What does the policy state?
Effective November 21, 2013 all branches of the Spartanburg County Public Libraries will be tobacco free.
Does this policy mean I cannot use any type of tobacco product anywhere on the Spartanburg County Public Libraries’ grounds?
Yes. The policy states that all tobacco products including cigarettes, smokeless tobacco, pipes, cigars and e-cigarettes/vapor cigarettes are prohibited on the campuses of all Spartanburg County Public Libraries.
Does this policy prohibit use of tobacco products in a vehicle that is on the grounds of any Spartanburg County Public Libraries’ campus?
Does the Headquarters Branch as well as the other 9 Library Branch locations have to comply with this policy?
What happens if a person fails to comply with this policy?
A verbal or written warning may suspend your Library privileges.
When will this policy become effective?
The Spartanburg County Public Libraries are proud to become tobacco free effective Thursday, November 21, 2013.
How do I make a complaint if someone is not in compliance with the policy?
E-mail Todd Stephens at email@example.com
or call 864-596-3511.
Will the Library offer a tobacco cessation program for their patrons?
We support a free state-wide comprehensive tobacco free cessation program called Quit for Keeps. Dial 1-800-QUIT-NOW and sign up today.
Or visit www.scdhec.gov/quitforkeeps
Have similar policies been enacted in other areas similar to ours?
Yes, policies regulating tobacco products throughout the state of South Carolina are at other county libraries.
Why was this policy created by the Spartanburg County Public Libraries?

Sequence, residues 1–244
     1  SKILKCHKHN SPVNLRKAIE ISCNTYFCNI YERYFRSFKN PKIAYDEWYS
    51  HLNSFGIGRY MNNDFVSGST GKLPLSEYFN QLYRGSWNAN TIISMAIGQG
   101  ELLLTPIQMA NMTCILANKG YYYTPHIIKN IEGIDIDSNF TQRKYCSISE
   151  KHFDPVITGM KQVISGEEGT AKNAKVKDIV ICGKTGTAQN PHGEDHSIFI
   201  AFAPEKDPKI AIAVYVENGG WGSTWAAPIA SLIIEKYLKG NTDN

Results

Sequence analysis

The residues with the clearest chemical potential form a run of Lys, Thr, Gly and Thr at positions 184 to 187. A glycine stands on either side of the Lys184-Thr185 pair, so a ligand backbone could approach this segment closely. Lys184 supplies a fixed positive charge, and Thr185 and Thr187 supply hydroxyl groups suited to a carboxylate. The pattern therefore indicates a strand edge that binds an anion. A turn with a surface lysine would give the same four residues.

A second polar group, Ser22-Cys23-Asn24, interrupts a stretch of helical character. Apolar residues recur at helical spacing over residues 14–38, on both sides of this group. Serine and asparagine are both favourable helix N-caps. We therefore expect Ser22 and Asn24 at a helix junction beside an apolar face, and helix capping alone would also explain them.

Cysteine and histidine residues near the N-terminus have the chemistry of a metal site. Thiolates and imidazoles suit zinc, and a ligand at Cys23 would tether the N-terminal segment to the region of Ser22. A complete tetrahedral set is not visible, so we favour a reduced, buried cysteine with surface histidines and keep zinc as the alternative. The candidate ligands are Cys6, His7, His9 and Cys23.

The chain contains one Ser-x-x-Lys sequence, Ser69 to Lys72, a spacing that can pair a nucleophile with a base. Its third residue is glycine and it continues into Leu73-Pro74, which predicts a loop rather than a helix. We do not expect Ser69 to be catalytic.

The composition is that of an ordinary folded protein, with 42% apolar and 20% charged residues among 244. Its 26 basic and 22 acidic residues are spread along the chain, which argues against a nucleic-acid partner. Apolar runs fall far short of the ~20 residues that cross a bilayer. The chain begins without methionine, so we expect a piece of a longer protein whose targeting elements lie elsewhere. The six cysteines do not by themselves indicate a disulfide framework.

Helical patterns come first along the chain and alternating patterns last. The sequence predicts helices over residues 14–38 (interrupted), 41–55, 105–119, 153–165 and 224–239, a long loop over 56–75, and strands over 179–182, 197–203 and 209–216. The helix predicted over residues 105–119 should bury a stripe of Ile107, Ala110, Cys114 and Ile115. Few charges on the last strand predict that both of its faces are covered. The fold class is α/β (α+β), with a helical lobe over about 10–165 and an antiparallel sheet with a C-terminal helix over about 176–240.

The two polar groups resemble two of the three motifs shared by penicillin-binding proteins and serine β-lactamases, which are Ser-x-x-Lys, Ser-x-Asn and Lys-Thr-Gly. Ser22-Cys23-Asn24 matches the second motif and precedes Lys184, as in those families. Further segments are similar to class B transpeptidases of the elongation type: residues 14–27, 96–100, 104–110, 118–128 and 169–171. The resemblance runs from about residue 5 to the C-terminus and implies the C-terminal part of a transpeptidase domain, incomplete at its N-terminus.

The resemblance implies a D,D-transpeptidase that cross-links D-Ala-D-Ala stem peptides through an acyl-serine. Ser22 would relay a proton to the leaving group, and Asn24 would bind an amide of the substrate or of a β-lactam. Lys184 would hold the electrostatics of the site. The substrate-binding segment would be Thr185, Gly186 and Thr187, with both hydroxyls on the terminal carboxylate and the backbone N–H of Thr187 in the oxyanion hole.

Numerous medical and scientific resources provide information showing that it is in the interest of the general public and of employees
in the workplace for the Spartanburg County Public Libraries to address the harmful effects of secondhand tobacco smoke.
What findings did the Spartanburg County Public Libraries make when considering this policy?
We considered many facts regarding secondhand smoke, including a conclusion by the U.S. Surgeon General that a simple separation of
smokers and non-smokers within the same airspace does not eliminate the exposure of non-smokers to secondhand smoke. Numerous medical and scientific studies
show an increase in levels of exposure to secondhand smoke among the United States population over the past two decades. The health effects of secondhand smoke
are numerous. Secondhand smoke causes disease and premature death in nonsmokers. Exposure to secondhand smoke by children leads to acute respiratory infections,
asthma, ear infections, and sudden infant death syndrome. Unfortunately, workplaces have been shown to be locations of significant exposure to secondhand
tobacco smoke by employees and the general public. Studies in other areas have determined that laws enforcing smoke-free workplaces and public places may be
associated with a reduction in morbidity from heart disease. In addition, designated outdoor smoking areas result in nonsmokers finding themselves in close
proximity on a continuing basis to persons who are smoking, and not merely passing by them. Tobacco Free Campus Policies are not solely designed to protect
nonsmokers from secondhand smoke but are also in place to encourage employees and the general public to improve their health by quitting the use of tobacco products.